9/30/2018
You just keep on pushing yourself

This, accidentally, is the best metaphor for what really is happening right now. Here I am, writing another entry that nobody will read, another pointless entry that even I won't remember for anything, and I'm writing it because I still tell myself I have to write here four times a month. And I write this after being all written out, because I have penned roughly three scripts and a programme treatment - and that's just me making things sounds more serious that they actually are.

Well, I tell myself I have to write this, if only to satisfy that internal quota that I have been, surreptitiously, complaining about the past few years, when I began writing here less because either my writing style has evolved or I have run out of things to write. Or, specifically, I have run out of time to properly observe the things around me, which leads to things I could write about. I used to be able to do that even with my earphones on, but right now I either just doze off - the consequences of a long commute - or I think of things I actually have to think of, like work.

Work. Are you earning extra when you think about work outside of work hours? Not really, no.

And how can other people get away with doing less while you pretty much give up your weekends for the cause?

It seems like it's easy to do, though, maintaining a good work-life balance, or whatever it is people call it these days. I mean, when people post about it online, it seems like it's so easy. Just set aside some time and forbid anything stressful from entering it. And maybe travel as often as you can - and ideally that should happen often. Yeah, we all know it's bullshit, but it's alluring anyway, isn't it? Imagine knowing, at the back of your head, that it's possible the answer to all your problems is within easy reach. But yet, you just keep on pushing yourself, because unlike those people who seem to have enough time for Facebook, your head is not up in the clouds.

I know what will happen to me on Wednesday afternoon. I will be so tired. I will be satisfied - almost typed "happy" but that never applies - because the event is over, but I will be so tired. I will be quiet. I would have had seven coffees, perhaps, and all that caffeine would be keeping me up. My eyes would be heavy but they would not drop. I'll just be quiet.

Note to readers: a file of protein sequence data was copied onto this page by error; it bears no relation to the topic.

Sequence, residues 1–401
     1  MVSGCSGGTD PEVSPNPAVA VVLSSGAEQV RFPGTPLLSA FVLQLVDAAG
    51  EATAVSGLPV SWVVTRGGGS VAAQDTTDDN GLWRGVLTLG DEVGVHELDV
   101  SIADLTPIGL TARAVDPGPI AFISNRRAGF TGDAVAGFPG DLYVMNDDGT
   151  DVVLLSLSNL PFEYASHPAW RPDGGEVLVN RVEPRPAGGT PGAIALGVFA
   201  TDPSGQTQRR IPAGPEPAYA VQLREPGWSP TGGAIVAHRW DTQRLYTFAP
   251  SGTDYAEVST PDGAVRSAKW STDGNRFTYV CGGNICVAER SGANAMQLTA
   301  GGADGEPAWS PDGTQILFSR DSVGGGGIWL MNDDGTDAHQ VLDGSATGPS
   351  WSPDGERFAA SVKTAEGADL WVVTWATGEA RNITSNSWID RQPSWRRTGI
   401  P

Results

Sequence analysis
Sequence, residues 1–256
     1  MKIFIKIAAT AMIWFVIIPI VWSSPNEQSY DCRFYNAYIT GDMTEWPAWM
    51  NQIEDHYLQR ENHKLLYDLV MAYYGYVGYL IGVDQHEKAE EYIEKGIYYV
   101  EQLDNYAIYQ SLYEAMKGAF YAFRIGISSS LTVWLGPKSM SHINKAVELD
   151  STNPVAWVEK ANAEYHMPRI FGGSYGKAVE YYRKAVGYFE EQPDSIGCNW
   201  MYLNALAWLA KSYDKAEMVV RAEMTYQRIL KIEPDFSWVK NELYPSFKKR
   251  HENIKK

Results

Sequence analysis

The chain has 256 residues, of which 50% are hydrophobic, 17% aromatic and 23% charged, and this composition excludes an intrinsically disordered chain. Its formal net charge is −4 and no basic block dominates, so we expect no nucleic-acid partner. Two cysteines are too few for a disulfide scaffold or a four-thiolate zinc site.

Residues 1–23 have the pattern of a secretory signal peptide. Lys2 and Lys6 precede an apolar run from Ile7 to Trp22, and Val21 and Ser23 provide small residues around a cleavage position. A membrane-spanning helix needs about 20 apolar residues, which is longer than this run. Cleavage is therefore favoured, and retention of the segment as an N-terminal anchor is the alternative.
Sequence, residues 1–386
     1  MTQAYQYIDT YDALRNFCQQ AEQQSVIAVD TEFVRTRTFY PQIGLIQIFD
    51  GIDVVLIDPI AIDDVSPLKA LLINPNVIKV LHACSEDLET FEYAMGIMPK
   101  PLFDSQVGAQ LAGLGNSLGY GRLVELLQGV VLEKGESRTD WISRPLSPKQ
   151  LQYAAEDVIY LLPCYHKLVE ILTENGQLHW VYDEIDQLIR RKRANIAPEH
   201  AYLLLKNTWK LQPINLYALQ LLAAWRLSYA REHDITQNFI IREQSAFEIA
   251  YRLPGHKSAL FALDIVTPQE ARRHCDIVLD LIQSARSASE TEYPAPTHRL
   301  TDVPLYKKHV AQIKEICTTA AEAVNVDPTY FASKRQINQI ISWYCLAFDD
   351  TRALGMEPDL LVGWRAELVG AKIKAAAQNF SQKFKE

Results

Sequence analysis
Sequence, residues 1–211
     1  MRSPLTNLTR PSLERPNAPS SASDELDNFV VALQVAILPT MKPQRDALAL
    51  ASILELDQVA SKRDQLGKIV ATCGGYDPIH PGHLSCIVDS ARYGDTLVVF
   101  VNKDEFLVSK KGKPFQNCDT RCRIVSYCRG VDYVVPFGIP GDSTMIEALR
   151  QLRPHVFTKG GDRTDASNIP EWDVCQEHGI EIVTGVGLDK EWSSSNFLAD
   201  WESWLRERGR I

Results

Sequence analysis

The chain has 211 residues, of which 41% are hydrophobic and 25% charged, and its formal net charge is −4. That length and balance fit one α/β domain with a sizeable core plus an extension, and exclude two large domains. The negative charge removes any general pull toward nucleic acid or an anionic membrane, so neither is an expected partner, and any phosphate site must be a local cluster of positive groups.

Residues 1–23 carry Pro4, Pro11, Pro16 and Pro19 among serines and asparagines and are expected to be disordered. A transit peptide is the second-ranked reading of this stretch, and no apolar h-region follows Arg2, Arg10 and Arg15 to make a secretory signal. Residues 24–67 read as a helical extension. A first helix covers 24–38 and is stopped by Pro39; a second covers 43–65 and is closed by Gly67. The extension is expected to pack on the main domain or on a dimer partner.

My mind goes further out than that, though. What would I do when everything is over? It doesn't end on Wednesday - there are still post-event reports, and then there's other stuff you have to do. Your stress levels never go down to zero; they just go down to normal. And you realize that the problems you sort of left behind are still there. And how can other people get away with doing essentially nothing while you pretty much give up your weekends for the cause?

Maybe I'll catch up on my writing. Maybe I'll finally worry about that Hong Kong trip. (Those Hong Kong trips, as it stands.) Maybe I'll catch up on sleep. I'll be really peeved if I still wake up at seven in the morning for no reason at all.

Or maybe I'll think of how we'll do all this better next year. You just keep on pushing yourself, after all, until you're spent, and even then you realize you can't really just drop off the face of the earth to recharge. I don't think I'll ever be able to afford that opportunity, much more the chance to claim that I live the good life, and you can, too.

And your responses...

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